The Espirito Santo dynasty totters amid a financial scandal that's threatened to re-ignite Europe's financial crisis. Global Post reports.» Read More
Why what goes on in European economies has such an impact on the U.S. markets, with CNBC's Michelle Caruso-Cabrera. And a trader triple play, with Eric Wilkinson, independent trader; Boris Schlossberg, GFT Forex; and Bill O'Neill, Logic Advisors, on gold. And can the EuroZone be saved, with Tony Nash, Economist Intelligence Unit, and CNBC's Simon Hobbs.
CNBC's Kaori Enjoji looks at the Asian market open the day after Europe's markets collapsed. And Simon Hobbs offers a roundup of the concerns engulfing Europe. Steve Sedgwick, CNBC Europe, discusses Italy's austerity plan. Also, the Fast Money trade on the European situation, with Joe Terranova, Virtus Investment Partners.
The man who ran Germany when the euro began trading has an idea to save the euro zone: the creation of a "United States of Europe."
"If you look at the situation of the economic crisis it was always more political than financial. We need to simplify the decision-making process because at the moment it is far too complicated," Jose Maria Aznar, former Prime Minister of Spain, told CNBC.
Dismal news is sending the euro tumbling - but that doesn't mean you should jump in on weakness.
The small bounce in equities on Wall Street should be over and traders would be wise to look at short positions and lock in profits, Riccardo Ronco, technical analyst at Aviate Global told CNBC. European markets meanwhile, were "heading into a full bear market," he added.
The world will still be "paying the piper" for several more years because of the debts that mounted before the global financial crisis, Arnab Das, managing director of Market Research and strategy, at Roubini Global Economics told CNBC.
"We know we are in a false market we know the markets wouldn¿t be where it was were it not for the intervention of the ECB, and you know it your water that isn¿t right because someone has got to pay for that in the end this is going to come from the national government," Nick Beecroft, senior markets consultant at Saxo Bank told CNBC. He added the market had chosen to focus on the US economy but that it would return to the euro zone debt crisis within a month.
Nothing tells the story of August like the data. The DJIA is off by 4.7 percent month to date but the losses elsewhere show just what a difficult month it has been.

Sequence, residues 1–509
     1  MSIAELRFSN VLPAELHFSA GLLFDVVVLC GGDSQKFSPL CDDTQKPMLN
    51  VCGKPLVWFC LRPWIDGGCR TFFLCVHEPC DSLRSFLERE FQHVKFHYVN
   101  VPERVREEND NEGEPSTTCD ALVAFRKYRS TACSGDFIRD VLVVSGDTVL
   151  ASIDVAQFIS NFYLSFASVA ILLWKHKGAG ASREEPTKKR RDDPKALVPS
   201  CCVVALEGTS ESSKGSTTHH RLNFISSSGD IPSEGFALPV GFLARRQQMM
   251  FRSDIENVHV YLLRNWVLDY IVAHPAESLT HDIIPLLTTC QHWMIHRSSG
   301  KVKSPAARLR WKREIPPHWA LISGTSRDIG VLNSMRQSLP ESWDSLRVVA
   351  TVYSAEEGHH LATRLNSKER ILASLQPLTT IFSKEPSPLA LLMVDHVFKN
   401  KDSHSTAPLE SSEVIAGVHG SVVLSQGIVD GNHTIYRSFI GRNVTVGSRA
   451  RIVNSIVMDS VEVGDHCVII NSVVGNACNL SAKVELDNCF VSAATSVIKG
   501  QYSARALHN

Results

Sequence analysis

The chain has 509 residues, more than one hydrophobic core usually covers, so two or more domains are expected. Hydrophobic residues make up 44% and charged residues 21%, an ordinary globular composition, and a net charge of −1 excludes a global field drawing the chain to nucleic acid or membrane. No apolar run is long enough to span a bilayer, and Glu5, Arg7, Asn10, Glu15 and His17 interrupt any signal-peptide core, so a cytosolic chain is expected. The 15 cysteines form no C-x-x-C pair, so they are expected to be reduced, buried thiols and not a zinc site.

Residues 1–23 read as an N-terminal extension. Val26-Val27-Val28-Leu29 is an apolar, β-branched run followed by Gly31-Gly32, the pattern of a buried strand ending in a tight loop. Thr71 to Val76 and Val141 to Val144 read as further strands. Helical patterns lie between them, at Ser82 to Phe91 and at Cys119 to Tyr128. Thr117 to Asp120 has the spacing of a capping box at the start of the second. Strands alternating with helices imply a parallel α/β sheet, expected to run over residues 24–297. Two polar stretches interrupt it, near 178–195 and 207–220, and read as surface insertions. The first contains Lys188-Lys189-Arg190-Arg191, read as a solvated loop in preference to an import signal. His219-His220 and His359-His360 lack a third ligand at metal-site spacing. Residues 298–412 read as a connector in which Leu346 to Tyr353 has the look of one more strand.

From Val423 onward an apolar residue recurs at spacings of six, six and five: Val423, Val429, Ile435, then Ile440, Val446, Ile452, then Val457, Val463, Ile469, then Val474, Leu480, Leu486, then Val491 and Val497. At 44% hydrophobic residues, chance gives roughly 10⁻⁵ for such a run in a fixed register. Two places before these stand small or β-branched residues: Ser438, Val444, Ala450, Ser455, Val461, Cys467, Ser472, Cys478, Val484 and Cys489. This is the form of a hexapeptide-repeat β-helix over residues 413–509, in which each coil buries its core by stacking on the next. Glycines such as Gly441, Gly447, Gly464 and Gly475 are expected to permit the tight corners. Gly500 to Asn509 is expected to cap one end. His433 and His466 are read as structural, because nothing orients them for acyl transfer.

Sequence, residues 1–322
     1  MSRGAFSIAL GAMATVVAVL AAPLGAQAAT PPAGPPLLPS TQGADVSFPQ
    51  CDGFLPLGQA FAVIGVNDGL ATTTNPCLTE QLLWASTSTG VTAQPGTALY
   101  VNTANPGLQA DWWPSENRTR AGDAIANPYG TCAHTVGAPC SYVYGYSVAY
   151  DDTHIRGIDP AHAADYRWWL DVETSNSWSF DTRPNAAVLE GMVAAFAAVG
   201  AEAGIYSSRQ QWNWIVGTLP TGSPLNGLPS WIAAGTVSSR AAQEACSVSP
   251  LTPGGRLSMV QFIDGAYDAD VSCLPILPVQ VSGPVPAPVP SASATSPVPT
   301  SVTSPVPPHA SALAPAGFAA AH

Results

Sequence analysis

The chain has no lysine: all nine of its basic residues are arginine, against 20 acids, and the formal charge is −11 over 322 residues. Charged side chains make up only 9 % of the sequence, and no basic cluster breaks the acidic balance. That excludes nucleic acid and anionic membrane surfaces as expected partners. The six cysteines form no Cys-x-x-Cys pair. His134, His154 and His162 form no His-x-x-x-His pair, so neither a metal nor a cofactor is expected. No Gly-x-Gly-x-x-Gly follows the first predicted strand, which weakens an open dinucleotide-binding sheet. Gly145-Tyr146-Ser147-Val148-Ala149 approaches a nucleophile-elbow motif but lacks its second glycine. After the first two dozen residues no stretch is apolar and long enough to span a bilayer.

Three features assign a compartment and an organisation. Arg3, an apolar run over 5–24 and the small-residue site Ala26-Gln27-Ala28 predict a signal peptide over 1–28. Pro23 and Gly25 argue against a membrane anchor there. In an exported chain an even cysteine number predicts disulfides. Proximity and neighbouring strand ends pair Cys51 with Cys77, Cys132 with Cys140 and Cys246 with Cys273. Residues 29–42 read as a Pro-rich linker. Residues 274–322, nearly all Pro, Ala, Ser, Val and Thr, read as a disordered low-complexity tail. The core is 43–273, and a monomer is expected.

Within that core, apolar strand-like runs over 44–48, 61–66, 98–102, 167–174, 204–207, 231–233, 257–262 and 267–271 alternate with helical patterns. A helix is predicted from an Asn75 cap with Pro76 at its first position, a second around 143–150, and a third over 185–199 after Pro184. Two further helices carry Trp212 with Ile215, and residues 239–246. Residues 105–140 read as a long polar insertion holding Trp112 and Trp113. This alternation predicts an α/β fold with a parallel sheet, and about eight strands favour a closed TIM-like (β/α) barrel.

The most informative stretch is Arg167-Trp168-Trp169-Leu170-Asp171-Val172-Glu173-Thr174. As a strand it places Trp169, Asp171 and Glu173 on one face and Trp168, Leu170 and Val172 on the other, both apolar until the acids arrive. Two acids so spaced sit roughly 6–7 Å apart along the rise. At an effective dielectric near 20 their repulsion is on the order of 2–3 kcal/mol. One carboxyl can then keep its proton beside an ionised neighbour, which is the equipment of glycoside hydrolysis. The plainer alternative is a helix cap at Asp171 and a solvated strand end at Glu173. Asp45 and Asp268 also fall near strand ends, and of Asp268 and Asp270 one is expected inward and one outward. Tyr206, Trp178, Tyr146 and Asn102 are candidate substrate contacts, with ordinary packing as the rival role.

The size of the new fund earmarked for bailing out struggling euro zone economies is "enough" at 440 billion euros ($635 billion), a key German policymaker told CNBC Wednesday.PIIGS is a not too favorable term used by bond analysts, academics, and the press, to refer to certain countries of Europe. So which countries make up the PIIGS? Why are they important to track? CNBC explains.
"Inflation fears at the start of the year were always something I was skeptical about and which I always thought were overdone," Bob Parker, senior advisor at Credit Suisse, told CNBC. However, he added he was concerned that inflation could become an issue in 2013.
Not since the grim period after World War II has Germany had significant blackouts, but it is now bracing for that possibility after shutting down half its nuclear reactors practically overnight. The New York Times reports.
Global recession in 2012 is “65 to 75 percent certain" and could deteriorate into a lengthy depression, Roger Nightingale, economist and strategist at RDN Associates, told CNBC on Monday.
"I think the focus will be in September when there are announced political protests that are going to be staged by the opposition in Italy. There are some changes ready made to the policies that should improve the fiscal situation but I think until September it will be difficult to say how these policies will go down Marco. Today we are going to see a fairly normal auction," Bardelli managing director at BDG Singapore told CNBC.
The Celtic Tiger boom years, and the subsequent bust, have made Ireland seem like a basket case, with the recent history of its housing market consigned to economics textbooks forever as an example of a hugely overinflated bubble.
EU leaders yesterday rounded on the new Head of the IMF calling her comments on Europe 'misguided'. Christine Lagarde's assessment is certainly stark. The former French Finance Minister argues economies are now in a 'new dangerous' phase' that requires Europe's banks be forced to recapitalize in order to cut the 'chain of contagion'.
German “bad bank” agencies holding billions of euros of Greek debt have still to decide whether to join a bond swap designed to cut Athens’ refinancing burden as part of an EU bail-out, the FT writes.
In Jackson Hole Wyoming on Saturday Jean-Claude Trichet, the president of the European Central Bank was due to give a speech to a meeting of policy makers hosted by the Federal Reserve. As he prepared to speak the euro zone faced huge problems.
Following weeks of heavy losses for banking stocks across Europe, the Sunday Times in the UK reported Sunday that European officials are working on a "radical plan" to prevent a fresh pan-European credit crunch.
"It reminds [Bernanke's speech] me of the movie airplane in the scene where one of the gates agents is saying 'don't panic don't panic' where all the passengers are running towards the exits. I think his primary job as Fed chief is just to be calm and to try and reassure markets. The story is kinda wearing thin, the vaudeville act, no-one's really buying it," Andrew Schiff, investment consultant at Euro Pacific Capital told CNBC. "The markets were expecting some kind of QE3 announcement today, they didn't get it but what they did get....was the extended meeting of the Fed in September and maybe they will get some grand QE3 strategy announcement in September."